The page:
I became interested and did not find in one place a list of corresponding terms:

Map <-> Morphism

Foldable <-> Catamorphism


Who can supplement the list of terms

  • 1
    bind is composition in the Kleisli category.
    – gallais
    Commented Jul 20, 2017 at 15:34
  • 2
    I have the feeling that parts of this have been asked in serveral questions already... but: monads in CT are usually defind by a natural transformations η (for return) and µ (for join, instead of >>=), which are sometimes called unit and multiplication. Commented Jul 20, 2017 at 15:40

1 Answer 1


I think your question is on the right track but there are so many more ways in which Category Theory connects to other concepts. I also find that relating Category Theory to Type Theory brings more to the table than relating Category Theory to transformations. I say relating, because while Math and Computer Science may use the same terminology, they are not the same; one is not interchangeable with the other.

Physics, Topology, Logic and Computation: A Rosetta Stone

by John C. Baez and Mike Stay

Category Theory: object X
Computation: data type X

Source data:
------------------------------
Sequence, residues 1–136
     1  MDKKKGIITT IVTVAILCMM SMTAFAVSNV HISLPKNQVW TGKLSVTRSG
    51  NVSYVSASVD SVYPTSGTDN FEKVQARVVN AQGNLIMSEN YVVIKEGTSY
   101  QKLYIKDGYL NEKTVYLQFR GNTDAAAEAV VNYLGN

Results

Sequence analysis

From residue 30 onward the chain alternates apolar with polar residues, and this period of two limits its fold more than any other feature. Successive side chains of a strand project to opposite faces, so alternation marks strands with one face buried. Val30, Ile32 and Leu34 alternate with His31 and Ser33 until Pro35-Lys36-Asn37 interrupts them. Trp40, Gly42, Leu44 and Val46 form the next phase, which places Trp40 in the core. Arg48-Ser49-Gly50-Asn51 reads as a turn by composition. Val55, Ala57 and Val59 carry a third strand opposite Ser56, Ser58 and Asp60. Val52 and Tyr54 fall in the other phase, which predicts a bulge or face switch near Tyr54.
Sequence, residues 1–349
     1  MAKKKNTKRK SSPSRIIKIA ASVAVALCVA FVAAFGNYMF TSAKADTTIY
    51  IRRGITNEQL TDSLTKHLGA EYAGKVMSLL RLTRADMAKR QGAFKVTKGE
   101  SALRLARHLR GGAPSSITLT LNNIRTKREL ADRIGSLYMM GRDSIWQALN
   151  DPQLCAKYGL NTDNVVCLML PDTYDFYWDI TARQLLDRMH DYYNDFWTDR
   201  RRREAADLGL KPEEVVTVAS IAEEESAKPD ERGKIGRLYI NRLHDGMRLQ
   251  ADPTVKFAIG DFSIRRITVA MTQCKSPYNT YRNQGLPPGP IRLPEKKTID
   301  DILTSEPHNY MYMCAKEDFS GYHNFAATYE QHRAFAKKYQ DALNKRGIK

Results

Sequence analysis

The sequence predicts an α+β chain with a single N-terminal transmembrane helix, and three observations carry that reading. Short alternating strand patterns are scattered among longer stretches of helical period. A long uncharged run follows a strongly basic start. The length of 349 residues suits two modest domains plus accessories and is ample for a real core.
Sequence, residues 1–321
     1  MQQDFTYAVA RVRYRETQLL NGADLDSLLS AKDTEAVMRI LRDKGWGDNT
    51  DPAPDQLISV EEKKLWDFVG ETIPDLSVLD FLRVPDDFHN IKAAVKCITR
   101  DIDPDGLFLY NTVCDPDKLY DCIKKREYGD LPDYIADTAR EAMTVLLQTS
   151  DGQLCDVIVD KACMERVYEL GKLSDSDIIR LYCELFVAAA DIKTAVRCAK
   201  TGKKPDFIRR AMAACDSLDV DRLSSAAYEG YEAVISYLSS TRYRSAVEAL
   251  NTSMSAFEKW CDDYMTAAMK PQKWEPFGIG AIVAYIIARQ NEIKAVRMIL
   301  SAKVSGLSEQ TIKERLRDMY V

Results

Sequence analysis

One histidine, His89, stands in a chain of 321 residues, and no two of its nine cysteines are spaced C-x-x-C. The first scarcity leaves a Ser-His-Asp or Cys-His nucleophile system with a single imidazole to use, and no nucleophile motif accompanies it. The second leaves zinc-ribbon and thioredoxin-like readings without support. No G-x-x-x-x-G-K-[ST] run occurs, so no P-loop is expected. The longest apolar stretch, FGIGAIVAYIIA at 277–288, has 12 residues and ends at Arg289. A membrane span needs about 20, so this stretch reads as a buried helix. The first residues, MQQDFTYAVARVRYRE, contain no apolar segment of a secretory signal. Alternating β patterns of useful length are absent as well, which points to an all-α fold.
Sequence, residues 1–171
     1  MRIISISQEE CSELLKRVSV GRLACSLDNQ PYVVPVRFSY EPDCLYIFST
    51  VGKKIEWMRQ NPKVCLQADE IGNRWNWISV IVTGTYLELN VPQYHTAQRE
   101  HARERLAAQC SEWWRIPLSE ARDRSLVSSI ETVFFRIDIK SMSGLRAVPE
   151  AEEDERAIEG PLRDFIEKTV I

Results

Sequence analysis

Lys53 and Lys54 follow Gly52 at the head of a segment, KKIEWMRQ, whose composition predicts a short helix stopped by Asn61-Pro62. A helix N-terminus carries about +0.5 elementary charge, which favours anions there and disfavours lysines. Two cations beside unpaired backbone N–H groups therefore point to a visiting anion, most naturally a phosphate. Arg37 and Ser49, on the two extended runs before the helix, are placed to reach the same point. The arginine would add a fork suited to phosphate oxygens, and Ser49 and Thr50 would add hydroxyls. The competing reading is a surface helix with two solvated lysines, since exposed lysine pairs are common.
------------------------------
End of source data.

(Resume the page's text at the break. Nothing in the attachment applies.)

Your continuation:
Category Theory: morphism f: X → Y
Computation: program f: X → Y

Category Theory: tensor product of objects: X ⊗ Y
Computation: product of data types: X ⊗ Y

Category Theory: tensor product of morphisms: f ⊗ g
Computation: programs executing in parallel: f ⊗ g

Category Theory: internal hom: X ⊸ Y
Computation: function type: X ⊸ Y

relation between type theory and category theory

from nLab

Category Theory: counit for hom-tensor adjunction
Type Theory: beta reduction

Category Theory: unit for hom-tensor adjunction
Type Theory: eta conversion

Yoneda embedding

The Yoneda embedding is familiar in category theory. The continuation passing transform is familiar in computer programming. They’re the same thing! Why doesn’t anyone ever say so?

by Mike Stay

Other references

There is so much more to this question than can possibly be put into an SO answer.

When I was looking into this in the past I asked most of my questions at StackExchange: Computer Science and updated the most useful references as part of the Category Theory tag. Most of what you seek is found in those references.


If I could have created tables with the SO Markdown I would have added a lot more, but without being in a table seeing them in a list just loses its impact.

If you find Category Theory of interest, then you should also look at HoTT (Homotopy Type Theory)


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